The British Pregnancy Advisory Service (bpas) launched a campaign to lower the price of emergency contraception in the UK. ‘British women can today pay up to £30 for a pill which costs a fraction of that to produce and have to endure a clinically unnecessary consultation, at their own expense’, bpas revealed. The campaign, #JustSayNon, compared access to contraception in the UK with that in France, where women can purchase emergency contraception in pharmacies for just €7. After the campaign made waves on social media, it was reported that an online pharmacy has made a non-branded oral emergency contraceptive pill available to British women for just £4.99. Let’s hope pharmacies on the high street follow suit.
Texas’ House Bill 2
In 2013, the state of Texas passed a house bill on abortion which required abortion centres to meet the same standards as ambulatory surgical centres. This means they must have ‘large operating rooms, wide corridors, and doctors with admitting privileges at a hospital within 30 miles of the clinic’. The end result if this came into force? Many clinics would have to close, and women in Texas would have great difficulty accessing abortion services. Whole Woman’s Health, a group of abortion clinics in Texas, took the bill to the Supreme Court. And, in June, following numerous protests by women in Texas and around America, the Supreme Court struck it down.
The fight isn’t over yet, however. The Texas government recently voted to implement new rules that would ‘require fetal remains to be cremated or buried instead of disposed in sanitary landfills’. This means women will have to pay for the aborted fetus to be cremated, which would effectively rule out legal abortion for those women who simply could not afford that extra cost. In protest, Texas women are posting their used sanitary products to state governor Greg Abbott, who spearheaded the new bill, asking him if their monthly discharge also needs to be cremated. It might sound gross, but it’s a dramatic, eye-catching protest – and nowhere near as disgusting as Texas leaders’ repeated attempts to restrict women’s freedom.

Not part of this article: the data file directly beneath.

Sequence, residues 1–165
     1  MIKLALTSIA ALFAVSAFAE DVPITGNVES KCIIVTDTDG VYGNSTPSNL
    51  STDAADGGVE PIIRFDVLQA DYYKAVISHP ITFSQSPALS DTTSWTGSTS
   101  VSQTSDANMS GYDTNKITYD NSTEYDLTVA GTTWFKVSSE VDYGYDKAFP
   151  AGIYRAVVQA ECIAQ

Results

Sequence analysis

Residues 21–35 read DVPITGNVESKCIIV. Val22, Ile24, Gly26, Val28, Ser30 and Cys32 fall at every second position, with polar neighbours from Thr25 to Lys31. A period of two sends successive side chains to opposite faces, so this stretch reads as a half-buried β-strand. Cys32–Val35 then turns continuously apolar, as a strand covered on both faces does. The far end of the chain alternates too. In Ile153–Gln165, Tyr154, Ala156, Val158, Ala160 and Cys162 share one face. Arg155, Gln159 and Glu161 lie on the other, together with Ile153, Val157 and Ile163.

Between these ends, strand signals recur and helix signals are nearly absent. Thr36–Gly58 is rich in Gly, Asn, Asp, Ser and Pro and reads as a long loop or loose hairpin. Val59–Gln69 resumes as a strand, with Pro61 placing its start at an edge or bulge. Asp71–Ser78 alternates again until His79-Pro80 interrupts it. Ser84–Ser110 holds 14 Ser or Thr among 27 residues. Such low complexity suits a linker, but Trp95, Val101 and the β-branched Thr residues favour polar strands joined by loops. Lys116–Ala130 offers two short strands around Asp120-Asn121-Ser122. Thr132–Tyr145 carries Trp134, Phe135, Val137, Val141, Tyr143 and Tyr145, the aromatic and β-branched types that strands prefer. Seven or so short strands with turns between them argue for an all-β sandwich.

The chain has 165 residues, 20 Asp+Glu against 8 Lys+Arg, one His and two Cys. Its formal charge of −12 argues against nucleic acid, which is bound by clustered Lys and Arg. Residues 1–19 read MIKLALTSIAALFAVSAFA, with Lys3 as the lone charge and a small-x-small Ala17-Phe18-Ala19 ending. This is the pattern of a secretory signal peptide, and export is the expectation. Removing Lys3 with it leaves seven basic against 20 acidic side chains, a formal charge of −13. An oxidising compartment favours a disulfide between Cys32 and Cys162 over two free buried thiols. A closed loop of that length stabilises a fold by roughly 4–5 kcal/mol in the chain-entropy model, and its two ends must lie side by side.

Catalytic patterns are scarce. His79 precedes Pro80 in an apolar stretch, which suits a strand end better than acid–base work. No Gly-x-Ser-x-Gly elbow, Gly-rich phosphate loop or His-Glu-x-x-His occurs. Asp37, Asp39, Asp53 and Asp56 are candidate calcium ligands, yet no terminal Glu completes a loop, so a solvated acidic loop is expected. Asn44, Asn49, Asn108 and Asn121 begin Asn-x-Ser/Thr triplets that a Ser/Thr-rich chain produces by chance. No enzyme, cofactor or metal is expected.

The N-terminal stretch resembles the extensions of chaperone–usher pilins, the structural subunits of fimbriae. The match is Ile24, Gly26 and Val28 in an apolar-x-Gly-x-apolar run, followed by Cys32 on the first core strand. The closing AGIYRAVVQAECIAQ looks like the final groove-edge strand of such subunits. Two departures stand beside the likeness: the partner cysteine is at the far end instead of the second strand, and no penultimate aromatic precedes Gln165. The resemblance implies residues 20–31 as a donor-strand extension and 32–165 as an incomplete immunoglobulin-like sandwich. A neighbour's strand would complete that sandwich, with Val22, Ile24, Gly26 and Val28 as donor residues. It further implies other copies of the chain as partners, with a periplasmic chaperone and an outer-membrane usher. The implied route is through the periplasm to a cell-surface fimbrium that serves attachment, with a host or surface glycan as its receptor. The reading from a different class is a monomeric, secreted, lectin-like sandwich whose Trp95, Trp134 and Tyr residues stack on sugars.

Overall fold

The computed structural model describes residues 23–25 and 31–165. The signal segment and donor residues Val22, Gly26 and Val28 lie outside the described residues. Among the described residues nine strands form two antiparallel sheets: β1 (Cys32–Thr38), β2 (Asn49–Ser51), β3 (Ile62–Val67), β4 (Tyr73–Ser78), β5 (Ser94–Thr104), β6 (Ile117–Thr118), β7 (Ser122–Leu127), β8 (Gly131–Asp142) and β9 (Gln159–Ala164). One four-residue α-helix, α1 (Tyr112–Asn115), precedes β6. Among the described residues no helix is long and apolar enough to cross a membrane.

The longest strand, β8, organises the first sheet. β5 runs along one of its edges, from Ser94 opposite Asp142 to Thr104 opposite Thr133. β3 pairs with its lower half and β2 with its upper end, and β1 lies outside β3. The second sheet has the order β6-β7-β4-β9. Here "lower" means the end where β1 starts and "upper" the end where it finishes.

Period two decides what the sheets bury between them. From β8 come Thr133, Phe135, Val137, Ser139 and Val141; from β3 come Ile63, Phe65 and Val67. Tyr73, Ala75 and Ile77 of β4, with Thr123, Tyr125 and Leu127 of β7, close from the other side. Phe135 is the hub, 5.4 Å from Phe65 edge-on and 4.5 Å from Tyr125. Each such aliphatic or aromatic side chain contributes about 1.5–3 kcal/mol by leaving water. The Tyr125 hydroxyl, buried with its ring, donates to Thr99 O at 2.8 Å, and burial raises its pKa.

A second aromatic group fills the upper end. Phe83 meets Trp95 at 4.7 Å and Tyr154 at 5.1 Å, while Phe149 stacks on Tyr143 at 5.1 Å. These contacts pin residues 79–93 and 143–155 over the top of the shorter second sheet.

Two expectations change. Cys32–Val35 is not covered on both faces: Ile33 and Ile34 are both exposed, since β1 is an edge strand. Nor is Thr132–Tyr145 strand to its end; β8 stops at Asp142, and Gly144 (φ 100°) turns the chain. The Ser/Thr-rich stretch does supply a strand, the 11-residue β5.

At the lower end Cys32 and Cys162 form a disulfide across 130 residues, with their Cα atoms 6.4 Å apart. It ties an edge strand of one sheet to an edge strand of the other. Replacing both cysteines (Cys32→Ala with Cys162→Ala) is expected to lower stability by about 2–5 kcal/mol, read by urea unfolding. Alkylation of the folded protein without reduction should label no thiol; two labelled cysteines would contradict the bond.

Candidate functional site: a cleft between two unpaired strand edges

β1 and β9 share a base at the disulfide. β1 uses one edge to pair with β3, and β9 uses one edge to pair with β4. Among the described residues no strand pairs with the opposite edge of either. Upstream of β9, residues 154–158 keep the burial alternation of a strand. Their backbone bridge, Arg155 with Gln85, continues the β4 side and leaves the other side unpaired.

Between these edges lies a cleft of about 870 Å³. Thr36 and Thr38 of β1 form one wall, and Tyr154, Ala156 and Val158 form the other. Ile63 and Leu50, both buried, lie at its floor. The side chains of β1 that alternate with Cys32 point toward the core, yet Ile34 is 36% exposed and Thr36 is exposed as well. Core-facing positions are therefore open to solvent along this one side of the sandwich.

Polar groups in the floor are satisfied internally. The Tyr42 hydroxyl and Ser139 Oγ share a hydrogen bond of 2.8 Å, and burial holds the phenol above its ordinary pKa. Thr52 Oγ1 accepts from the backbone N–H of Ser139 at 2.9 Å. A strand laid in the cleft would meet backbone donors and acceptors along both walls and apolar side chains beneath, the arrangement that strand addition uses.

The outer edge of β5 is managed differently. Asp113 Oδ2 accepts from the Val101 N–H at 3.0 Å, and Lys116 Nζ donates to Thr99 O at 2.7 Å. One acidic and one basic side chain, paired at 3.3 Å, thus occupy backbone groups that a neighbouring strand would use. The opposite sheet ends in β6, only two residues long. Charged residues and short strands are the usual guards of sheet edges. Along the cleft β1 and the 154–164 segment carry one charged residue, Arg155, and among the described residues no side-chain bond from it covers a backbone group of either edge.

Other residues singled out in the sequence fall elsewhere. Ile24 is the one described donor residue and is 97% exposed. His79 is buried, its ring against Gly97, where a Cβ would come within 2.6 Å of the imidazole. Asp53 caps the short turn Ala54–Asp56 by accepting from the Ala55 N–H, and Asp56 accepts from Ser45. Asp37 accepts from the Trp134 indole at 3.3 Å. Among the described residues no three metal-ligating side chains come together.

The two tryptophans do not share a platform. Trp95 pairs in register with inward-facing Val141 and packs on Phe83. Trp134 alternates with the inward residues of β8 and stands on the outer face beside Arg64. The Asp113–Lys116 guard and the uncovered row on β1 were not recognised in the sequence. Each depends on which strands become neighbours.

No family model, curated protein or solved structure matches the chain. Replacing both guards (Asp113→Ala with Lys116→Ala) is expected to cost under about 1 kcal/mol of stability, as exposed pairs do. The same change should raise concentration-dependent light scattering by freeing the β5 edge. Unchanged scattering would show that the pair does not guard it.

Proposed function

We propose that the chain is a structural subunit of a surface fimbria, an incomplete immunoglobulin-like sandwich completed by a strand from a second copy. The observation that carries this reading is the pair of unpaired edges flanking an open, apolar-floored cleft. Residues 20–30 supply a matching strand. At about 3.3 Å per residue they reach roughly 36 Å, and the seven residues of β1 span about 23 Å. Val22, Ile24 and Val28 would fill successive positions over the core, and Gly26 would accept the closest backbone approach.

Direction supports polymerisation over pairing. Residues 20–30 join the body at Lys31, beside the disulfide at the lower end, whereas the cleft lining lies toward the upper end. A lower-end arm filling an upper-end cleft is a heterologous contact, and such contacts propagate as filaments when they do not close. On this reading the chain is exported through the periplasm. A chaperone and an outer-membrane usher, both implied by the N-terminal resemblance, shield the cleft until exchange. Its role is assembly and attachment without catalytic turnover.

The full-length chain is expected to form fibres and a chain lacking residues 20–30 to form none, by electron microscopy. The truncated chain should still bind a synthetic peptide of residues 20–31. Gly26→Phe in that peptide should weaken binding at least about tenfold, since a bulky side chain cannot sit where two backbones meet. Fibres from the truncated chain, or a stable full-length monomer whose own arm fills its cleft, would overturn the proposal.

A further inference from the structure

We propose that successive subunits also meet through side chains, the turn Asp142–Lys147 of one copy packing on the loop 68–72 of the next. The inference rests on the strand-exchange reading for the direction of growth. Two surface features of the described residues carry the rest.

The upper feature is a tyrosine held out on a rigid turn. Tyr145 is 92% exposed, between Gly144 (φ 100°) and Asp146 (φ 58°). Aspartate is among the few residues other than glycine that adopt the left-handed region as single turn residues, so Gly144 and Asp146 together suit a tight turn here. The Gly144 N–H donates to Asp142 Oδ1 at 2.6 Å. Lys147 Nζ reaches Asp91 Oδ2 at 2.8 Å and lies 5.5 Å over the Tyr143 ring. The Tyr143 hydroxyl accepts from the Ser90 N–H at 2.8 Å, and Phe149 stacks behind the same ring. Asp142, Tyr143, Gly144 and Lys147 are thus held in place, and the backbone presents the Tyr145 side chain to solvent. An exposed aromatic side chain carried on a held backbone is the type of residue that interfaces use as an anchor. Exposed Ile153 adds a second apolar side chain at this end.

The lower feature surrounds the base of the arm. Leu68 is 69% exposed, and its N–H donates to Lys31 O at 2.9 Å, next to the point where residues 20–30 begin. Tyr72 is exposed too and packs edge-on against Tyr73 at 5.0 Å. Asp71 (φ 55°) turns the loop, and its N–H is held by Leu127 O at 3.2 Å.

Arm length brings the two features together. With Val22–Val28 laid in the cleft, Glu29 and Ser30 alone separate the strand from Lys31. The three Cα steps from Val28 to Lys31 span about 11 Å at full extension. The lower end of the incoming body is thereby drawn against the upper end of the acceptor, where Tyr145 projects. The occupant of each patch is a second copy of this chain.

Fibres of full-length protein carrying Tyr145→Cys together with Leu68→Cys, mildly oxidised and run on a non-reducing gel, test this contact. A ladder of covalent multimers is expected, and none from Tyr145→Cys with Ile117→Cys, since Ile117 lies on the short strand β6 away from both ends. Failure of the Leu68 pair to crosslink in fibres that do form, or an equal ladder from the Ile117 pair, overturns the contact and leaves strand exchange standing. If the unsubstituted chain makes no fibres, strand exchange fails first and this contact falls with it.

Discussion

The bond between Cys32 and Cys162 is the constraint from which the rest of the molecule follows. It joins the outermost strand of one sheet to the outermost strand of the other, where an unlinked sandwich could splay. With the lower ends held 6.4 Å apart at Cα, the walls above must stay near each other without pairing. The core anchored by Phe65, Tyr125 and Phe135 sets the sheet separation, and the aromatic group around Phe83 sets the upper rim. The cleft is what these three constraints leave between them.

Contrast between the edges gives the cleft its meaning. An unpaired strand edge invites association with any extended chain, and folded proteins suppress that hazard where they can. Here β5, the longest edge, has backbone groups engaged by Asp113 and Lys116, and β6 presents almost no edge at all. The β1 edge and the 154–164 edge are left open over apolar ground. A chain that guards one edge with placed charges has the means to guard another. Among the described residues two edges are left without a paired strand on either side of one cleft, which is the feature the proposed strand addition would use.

There have been many other developments in the fight for abortion rights: bpas launched the campaign ‘We Trust Women’ to call for the decriminalisation of abortion in the UK; hundreds of women took to the streets of Santo Domingo in the Dominican Republic to protest against a new criminal code condemning abortion, including in cases of rape or when the woman’s life is in danger; and in Ohio women attached coat hangers to the Statehouse fence in protest at a new bill that would make abortion illegal after a fetal heartbeat is detected.
These protesters have been inspiring. And we will need more of the same spirit next year. With Trump’s presidency and reproductive illiberalism in many European countries, the fight for abortion rights is going to be tough. But the good news is that women aren’t taking these challenges lying down – and here at spiked we salute them.
Ella Whelan is assistant editor at spiked. Follow her on Twitter: @Ella_M_Whelan
Picture by: Getty Images.
No paywall. No subscriptions.
spiked is free for all.
Donate today to keep us fighting.Donate online
To enquire about republishing spiked’s content, a right to reply or to request a correction, please contact the managing editor, Viv Regan.